As for the service fees that are charged, she said some are warranted, but others aren’t. “They said they can call you a car. That sometimes is covered by the client and sometimes it will come out of your pocket. You have to be aware of every single transaction. Everything that’s offered to you, you have to be skeptical and ask, ‘What is this? Is it coming out of my balance?’
“You have to be your own advocate unfortunately. I have come to realize you just have to ask as many questions as possible, and you can’t assume everyone has your best interests at heart. It’s a business. Like any industry, you have people who are not as well-meaning as you thought,” said Brooks.
Model agency executives insisted the industry generally is above-board and professional.
“I think there are problematic players in the industry,” admitted Bill Ivers, chief executive officer of State Model Management. But he said that when State signs models, it discloses the fees.
“We disclose that we will pay them after we have collected from the client. We have a dedicated e-mail address where talent can request a statement of accounts from our system. It will show them their financial history, all the jobs that have been booked, and what’s been paid by the customer and what’s not been paid by the customer, what expenses have been added to their account, and where they are financially. The amount that’s due and owing to them, the amount that’s not been collected and what’s coming to them in the future,” Ivers said.
He added, “We run checks every two weeks like clockwork, and then we advance in between.”
State will give an advance to a model if she needs help or needs to make rent, or has a medical bill, adding he once had a model whose dog needed surgery. “We don’t charge interest. Others do. The reason we don’t is I’ve been advised by an attorney you’re getting into the area of banking, and you don’t want to run afoul of banking laws by acting like a bank and charging interest,” said Ivers.
Asked if the modeling industry’s reputation has gotten better or worse in terms of payment and accounting practices, he said, “I would say there always have and always will be bad actors. When the economy is good, everyone has cash flow to make their payments. When the economy turns for the worse, we’ll probably see an increase in this type of activity.”
Ivers noted that State will apply a service fee based on the rate that it is charging their customer. For example, the agency pays third-party vendors for technology it uses to keep the calendar straight. It has a portfolio system where it can have a dozen or more books, or unique portfolios, for a specific situation, whether it’s a denim-oriented project, bridal or swim. Consequently, the agency charges a digital/marketing fee. “We have all these systems that we pay for. It costs a lot of money. We share in the costs. We look at the business, and we’re representing the talent. They hired us to work for them. We need tools in order to deliver on them,” he said.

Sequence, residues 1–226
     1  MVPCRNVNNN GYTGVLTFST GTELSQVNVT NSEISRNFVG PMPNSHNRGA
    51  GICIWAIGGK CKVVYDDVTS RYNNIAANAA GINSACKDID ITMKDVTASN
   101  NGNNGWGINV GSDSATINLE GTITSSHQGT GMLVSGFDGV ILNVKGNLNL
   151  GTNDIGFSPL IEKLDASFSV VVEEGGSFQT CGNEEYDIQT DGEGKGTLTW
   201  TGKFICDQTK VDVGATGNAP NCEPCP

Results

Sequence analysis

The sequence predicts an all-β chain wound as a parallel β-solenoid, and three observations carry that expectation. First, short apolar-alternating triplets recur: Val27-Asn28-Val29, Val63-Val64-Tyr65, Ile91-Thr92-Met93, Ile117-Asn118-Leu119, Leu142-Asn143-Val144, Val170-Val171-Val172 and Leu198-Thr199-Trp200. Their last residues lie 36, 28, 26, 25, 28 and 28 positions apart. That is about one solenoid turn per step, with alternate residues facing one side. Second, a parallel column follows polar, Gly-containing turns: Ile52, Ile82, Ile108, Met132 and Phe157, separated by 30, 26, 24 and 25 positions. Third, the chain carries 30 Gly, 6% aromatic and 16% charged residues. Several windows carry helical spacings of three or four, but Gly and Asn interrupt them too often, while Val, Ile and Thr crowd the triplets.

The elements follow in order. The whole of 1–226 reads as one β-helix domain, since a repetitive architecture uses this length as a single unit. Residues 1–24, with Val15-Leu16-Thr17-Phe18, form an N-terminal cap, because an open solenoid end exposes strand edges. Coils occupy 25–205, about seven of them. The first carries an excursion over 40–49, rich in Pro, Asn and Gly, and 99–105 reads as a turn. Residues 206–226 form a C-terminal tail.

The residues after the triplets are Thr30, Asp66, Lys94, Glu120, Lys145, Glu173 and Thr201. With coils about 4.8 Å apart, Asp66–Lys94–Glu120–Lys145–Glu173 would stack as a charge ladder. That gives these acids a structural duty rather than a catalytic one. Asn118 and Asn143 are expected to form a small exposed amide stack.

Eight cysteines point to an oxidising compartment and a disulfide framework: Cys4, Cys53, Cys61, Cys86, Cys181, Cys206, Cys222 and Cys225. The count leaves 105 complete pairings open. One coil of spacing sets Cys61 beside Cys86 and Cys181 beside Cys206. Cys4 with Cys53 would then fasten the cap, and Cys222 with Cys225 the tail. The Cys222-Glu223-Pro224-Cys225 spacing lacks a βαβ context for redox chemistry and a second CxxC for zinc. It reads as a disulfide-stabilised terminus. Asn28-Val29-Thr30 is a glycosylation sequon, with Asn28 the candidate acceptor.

For young fashion models just starting out in the business, State will invest anywhere from $5,000 to $20,000 in test shots — which, at some time in the future, the model is expected to pay back once she gets a campaign. Of course, there are times when a model gets no work, and simply gives up.
“Agencies write off tens or hundreds of thousands of dollars every year. Models are ‘I don’t want to do it anymore,’ or it doesn’t work out, the model doesn’t have the looks that the customer is interested in, their looks are out of favor,” he said. Ivers couldn’t quote a percentage of how many models don’t work out, but said State probably writes off from $50,000 to $100,000 annually. He said when a model switches agencies and still owes money to the first agency, “it’s a negotiation with the new agency.”
When Ivers signs a new model, the initial contact is for three years. “These investments that we’re making in models, it can take 18 months for a model to hit her stride, to really be comfortable meeting with casting directors and being in front of a camera, and then be available. A lot of girls go to school, we support that and just know things will happen slowly. It’s 18 months to get going, another 18 months to re-coup our investment,” he said.
David Bonnouvrier, owner of DNA Model Management, said, “Given the highly visible nature of our industry, the negative actions of a few bad players always reflects badly on the good ones and the industry as a whole.”
He said that most clients will pay within 30 to 60 days, but some will stretch to 90 days. “But there are clients who will (very well-known brands among them) use every trick in the book to delay the payments of their invoices,” he claimed.
Bonnouvrier said that agencies should disclose all fees and services in their management agreements — and contended that most do. There are a few agencies, however, that give the industry a bad reputation. “Absolutely this has always been the case and some have done a good job at giving our industry a really bad name,” he admitted.